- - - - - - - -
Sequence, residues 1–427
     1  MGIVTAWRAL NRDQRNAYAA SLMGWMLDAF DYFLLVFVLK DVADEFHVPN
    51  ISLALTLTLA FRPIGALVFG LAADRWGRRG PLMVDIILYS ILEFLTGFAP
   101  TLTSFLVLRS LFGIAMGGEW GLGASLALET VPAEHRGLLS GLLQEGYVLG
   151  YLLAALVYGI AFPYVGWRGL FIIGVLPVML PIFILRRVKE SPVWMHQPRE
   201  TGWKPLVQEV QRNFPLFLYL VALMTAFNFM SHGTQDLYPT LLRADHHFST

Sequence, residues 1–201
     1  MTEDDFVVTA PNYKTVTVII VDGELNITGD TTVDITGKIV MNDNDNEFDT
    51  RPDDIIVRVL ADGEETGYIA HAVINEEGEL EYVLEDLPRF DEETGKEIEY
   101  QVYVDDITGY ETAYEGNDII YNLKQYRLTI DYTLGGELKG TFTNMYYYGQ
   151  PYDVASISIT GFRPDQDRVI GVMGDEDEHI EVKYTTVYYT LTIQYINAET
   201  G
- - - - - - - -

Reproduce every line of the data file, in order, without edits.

Sequence, residues 1–427
     1  MGIVTAWRAL NRDQRNAYAA SLMGWMLDAF DYFLLVFVLK DVADEFHVPN
    51  ISLALTLTLA FRPIGALVFG LAADRWGRRG PLMVDIILYS ILEFLTGFAP
   101  TLTSFLVLRS LFGIAMGGEW GLGASLALET VPAEHRGLLS GLLQEGYVLG
   151  YLLAALVYGI AFPYVGWRGL FIIGVLPVML PIFILRRVKE SPVWMHQPRE
   201  TGWKPLVQEV QRNFPLFLYL VALMTAFNFM SHGTQDLYPT LLRADHHFST

Sequence, residues 1–201
     1  MTEDDFVVTA PNYKTVTVII VDGELNITGD TTVDITGKIV MNDNDNEFDT
    51  RPDDIIVRVL ADGEETGYIA HAVINEEGEL EYVLEDLPRF DEETGKEIEY
   101  QVYVDDITGY ETAYEGNDII YNLKQYRLTI DYTLGGELKG TFTNMYYYGQ
   151  PYDVASISIT GFRPDQDRVI GVMGDEDEHI EVKYTTVYYT LTIQYINAET
   201  G